To the Editor:

The News’ editorial about the international education component of the academic review ignores a lack that myself and others have encountered about the Yale undergraduate curriculum.

Being a student observer of global change and economic development, I would like to be able to pursue my studies in a more coherent way. Presently, neither the interdisciplinary programs nor any component departments enable me to analyze the extraordinary relationship between rich nations and poor nations in our day. While professors often acknowledge the interaction between development and, say, democracy or security, very little is offered that looks specifically at the motivations, nor the effectiveness, nor even the methods of the system of NGOs and multilateral institutions currently “developing” the poor post-colonial states of the world. While experience with foreign cultures is of undoubted value, many Yalies will probably be more personally challenged by encounters with the desperate poverty and lack of opportunity that is the reality of half of the world.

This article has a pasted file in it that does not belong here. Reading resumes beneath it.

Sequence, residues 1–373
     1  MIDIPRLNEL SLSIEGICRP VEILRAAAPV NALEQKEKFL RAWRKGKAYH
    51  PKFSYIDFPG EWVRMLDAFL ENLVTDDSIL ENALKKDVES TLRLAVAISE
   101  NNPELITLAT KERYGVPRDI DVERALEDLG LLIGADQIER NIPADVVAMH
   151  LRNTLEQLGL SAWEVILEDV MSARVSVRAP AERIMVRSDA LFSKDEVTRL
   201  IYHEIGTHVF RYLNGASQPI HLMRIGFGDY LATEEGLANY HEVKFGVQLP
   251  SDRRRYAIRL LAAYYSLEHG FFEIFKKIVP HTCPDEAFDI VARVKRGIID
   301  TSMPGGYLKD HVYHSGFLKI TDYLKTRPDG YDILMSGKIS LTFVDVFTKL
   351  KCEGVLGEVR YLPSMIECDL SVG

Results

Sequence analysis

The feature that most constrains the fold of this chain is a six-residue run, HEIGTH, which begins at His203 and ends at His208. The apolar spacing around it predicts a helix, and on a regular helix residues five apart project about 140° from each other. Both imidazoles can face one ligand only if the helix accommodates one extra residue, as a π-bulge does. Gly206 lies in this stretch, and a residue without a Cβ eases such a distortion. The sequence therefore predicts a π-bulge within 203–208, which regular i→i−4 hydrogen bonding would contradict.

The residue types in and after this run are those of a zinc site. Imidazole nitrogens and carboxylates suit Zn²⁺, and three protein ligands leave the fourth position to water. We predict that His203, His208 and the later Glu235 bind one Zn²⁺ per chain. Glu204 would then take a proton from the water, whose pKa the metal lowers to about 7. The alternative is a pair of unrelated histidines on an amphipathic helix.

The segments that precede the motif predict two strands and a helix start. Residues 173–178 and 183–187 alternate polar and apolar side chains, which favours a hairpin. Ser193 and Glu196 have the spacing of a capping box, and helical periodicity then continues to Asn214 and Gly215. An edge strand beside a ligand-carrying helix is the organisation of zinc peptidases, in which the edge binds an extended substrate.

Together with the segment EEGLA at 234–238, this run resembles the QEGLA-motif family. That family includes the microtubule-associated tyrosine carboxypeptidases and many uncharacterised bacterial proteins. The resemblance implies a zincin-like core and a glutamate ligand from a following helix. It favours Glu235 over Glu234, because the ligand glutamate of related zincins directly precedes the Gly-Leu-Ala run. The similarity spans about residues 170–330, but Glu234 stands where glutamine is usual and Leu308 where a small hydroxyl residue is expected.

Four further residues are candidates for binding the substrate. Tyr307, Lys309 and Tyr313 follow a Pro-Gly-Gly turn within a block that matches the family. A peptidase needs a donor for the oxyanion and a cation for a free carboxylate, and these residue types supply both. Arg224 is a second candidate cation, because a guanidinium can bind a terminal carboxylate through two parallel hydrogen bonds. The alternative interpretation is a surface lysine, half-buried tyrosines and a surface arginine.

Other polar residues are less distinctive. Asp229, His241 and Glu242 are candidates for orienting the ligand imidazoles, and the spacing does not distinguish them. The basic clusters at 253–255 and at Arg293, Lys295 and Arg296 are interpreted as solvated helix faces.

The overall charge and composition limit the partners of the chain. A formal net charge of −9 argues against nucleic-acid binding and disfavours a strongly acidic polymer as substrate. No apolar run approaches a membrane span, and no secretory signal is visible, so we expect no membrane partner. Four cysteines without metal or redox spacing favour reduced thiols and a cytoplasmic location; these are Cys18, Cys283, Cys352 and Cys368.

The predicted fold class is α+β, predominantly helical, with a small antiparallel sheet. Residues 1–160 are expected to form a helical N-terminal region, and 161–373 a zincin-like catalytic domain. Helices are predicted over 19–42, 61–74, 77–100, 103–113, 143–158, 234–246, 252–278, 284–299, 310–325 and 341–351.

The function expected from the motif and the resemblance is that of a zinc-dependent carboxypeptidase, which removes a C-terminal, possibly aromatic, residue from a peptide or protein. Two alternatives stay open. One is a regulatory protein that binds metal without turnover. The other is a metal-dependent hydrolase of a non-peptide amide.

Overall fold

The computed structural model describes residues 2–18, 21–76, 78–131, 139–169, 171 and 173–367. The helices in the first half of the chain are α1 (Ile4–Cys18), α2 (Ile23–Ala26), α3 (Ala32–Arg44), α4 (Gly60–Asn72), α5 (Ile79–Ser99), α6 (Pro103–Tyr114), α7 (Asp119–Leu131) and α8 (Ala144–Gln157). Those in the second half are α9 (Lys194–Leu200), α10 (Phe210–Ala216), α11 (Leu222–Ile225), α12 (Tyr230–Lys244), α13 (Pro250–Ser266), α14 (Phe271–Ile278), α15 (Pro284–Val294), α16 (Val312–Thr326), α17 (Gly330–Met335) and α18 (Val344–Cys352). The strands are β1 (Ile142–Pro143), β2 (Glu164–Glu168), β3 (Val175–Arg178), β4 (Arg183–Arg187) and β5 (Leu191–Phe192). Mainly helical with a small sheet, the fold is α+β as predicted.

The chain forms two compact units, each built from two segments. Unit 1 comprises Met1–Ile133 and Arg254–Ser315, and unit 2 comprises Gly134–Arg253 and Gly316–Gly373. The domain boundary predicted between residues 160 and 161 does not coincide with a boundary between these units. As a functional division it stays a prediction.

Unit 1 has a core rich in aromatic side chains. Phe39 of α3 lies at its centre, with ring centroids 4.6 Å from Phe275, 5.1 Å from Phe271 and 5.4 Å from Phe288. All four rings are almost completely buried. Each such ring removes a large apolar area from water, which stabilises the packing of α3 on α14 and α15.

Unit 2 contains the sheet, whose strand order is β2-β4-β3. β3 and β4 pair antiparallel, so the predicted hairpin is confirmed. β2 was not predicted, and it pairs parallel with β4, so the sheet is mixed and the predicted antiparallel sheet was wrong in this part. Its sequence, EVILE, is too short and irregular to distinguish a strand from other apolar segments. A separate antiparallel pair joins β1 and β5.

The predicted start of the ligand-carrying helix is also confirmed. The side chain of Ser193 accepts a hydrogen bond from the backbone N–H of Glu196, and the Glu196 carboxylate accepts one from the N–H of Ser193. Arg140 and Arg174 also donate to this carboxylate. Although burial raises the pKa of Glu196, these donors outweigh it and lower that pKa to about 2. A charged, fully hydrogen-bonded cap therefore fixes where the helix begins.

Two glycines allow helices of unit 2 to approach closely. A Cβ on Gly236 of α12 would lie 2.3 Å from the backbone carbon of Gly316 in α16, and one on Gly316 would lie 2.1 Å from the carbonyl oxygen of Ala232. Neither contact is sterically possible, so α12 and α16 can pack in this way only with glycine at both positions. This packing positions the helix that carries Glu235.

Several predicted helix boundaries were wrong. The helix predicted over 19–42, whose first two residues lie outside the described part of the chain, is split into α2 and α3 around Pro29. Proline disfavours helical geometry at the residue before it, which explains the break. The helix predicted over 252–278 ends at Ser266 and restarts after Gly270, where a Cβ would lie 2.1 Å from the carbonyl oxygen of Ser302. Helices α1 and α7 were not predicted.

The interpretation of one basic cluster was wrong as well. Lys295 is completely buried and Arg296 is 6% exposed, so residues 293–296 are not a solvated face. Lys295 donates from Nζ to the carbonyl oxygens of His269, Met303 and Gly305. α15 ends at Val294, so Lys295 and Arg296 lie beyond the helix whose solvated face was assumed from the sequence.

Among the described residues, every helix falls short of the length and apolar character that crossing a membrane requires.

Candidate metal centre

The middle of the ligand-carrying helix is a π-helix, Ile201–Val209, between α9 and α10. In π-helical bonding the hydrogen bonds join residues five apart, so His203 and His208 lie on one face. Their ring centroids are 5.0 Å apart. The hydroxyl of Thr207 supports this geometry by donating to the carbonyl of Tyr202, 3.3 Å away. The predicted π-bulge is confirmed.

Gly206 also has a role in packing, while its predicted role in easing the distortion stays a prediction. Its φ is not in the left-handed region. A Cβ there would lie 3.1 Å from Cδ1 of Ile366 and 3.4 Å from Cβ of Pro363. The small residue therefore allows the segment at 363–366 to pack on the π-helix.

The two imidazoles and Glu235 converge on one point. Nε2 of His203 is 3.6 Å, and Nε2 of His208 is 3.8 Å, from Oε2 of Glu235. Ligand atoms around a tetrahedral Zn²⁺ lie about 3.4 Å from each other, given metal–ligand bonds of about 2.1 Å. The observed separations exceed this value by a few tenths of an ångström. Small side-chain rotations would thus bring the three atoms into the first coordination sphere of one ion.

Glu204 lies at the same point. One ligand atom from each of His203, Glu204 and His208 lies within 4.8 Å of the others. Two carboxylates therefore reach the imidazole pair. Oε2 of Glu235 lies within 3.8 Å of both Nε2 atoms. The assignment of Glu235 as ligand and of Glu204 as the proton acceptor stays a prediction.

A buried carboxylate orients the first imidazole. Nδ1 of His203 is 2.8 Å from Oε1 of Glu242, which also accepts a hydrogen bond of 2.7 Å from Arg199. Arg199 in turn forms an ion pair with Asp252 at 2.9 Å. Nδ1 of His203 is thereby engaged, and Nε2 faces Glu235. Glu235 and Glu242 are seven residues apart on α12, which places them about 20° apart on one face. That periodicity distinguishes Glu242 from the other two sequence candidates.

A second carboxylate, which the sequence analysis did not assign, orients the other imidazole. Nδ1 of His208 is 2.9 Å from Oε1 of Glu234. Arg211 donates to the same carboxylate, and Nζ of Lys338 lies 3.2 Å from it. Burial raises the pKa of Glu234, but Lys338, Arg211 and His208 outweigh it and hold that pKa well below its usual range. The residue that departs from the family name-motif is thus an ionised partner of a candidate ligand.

The academic review, despite its calls for more professorships and greater cross-disciplinary classes, brought me no reassurance that a student like me would find adequate opportunities to study development. Unless there is a conscious effort to bring in professors of development studies in its related disciplines, and consideration given to a program in development studies once the field reaches sufficient intellectual maturity, then Yale’s new intent to engage with the world will be limited to an engagement with only the privileged fraction of it.

Colleen Carey ’04

April 21, 2003

The writer directs curriculum development for Reach Out: Yale College Partnership for International Service and Social Justice.